Buried alive -- A desperate search -- Stuck in hell -- Speed vs. precision -- 17 days of silence -- A bonanza at the bottom of the mine -- Crawling back to life -- The marathon -- TV reality -- Finish line in sight -- The final days -- The final preparation -- The rescue -- First days of freedom.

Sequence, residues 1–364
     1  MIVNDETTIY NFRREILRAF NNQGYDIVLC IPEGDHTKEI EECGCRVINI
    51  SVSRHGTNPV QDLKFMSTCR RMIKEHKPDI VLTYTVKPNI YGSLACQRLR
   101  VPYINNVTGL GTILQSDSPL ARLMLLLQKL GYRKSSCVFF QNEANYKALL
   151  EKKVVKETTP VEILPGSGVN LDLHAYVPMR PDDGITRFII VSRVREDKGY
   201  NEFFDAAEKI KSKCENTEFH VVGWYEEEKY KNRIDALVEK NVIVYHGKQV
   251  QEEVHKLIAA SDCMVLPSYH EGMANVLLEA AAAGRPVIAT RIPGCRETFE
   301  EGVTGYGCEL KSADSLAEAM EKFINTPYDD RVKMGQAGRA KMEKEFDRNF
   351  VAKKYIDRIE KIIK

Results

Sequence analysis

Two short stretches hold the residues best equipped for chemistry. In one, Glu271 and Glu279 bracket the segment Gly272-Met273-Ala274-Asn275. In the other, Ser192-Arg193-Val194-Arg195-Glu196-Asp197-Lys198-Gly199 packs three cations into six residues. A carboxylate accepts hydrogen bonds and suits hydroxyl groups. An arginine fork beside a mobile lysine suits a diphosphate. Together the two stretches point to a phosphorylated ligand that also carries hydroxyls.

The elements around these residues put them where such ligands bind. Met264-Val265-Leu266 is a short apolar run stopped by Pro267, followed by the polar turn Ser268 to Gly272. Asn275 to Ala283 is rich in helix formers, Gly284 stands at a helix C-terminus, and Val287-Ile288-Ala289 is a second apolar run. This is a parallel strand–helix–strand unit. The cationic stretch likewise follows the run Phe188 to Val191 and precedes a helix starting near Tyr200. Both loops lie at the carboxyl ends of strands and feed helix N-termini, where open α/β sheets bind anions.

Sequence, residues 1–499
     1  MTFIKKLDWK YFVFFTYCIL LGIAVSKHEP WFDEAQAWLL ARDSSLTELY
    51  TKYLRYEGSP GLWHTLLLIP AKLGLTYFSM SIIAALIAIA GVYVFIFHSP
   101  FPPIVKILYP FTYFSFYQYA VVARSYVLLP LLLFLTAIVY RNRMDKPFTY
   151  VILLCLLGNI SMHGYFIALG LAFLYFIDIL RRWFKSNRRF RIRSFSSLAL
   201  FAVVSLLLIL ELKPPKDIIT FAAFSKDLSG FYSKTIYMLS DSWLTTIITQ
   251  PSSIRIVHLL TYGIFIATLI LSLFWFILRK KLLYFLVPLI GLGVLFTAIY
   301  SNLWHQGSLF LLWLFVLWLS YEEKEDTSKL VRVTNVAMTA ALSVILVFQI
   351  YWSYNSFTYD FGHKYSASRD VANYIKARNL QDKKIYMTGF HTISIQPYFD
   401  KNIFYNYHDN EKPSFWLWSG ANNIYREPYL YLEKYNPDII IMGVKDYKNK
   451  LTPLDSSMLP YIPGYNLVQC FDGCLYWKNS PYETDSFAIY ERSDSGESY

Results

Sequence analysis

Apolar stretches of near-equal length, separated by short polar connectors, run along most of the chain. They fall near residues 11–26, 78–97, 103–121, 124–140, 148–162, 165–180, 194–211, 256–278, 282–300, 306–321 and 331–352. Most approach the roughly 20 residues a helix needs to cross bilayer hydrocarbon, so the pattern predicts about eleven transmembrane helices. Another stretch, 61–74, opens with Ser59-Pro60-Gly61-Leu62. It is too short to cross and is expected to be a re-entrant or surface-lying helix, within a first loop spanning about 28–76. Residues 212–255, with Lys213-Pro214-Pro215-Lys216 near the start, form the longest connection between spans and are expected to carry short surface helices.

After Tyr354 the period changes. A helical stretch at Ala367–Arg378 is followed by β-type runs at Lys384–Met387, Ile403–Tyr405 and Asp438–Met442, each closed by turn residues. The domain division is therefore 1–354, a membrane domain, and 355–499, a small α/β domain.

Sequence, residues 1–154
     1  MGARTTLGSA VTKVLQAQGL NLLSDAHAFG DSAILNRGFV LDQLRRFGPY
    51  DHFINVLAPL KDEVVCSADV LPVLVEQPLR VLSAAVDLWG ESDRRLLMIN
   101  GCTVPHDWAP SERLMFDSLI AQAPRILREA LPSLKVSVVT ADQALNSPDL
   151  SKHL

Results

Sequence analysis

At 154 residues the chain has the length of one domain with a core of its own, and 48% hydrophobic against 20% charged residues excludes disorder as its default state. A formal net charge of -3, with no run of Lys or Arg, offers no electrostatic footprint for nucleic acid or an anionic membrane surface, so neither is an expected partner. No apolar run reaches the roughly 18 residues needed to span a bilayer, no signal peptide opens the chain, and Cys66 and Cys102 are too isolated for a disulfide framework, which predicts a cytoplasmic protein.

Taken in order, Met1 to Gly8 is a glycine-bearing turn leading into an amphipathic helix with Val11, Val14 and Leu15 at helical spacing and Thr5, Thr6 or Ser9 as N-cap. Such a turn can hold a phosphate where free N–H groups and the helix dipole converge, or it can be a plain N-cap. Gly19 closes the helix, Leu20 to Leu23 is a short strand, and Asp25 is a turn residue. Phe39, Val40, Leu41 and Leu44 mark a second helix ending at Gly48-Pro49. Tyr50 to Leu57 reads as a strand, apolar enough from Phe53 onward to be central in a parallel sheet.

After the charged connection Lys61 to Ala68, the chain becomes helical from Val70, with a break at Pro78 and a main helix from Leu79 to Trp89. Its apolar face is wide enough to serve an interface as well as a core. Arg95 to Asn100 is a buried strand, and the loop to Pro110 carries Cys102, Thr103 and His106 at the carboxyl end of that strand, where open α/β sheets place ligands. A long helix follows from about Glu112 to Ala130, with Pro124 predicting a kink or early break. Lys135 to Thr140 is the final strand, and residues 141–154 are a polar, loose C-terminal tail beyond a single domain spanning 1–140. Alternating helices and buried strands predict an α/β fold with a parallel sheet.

This is the account of the 2010 San Jose mine rescue in Chile, after one of the longest human entrapments in history. With his coveted "rescue pass," journalist Jonathan Franklin, who had lived 15 years in Chile, was permitted access far past the police perimeter. The miners were discovered alive 17 days after the collapse, but it took another 52 days before they were all rescued. For eight weeks, the author conducted interviews with families, rescue workers, the mine psychologist, drill operators, scientists, and the architects of the rescue operation, as well as the trapped men themselves, even as he assisted in getting supplies to them. In never-before-revealed detail, the author tells of the improbable survival of the miners, and chronicles what had to go right, an impossibly long list, to rescue them all alive.--From publisher description.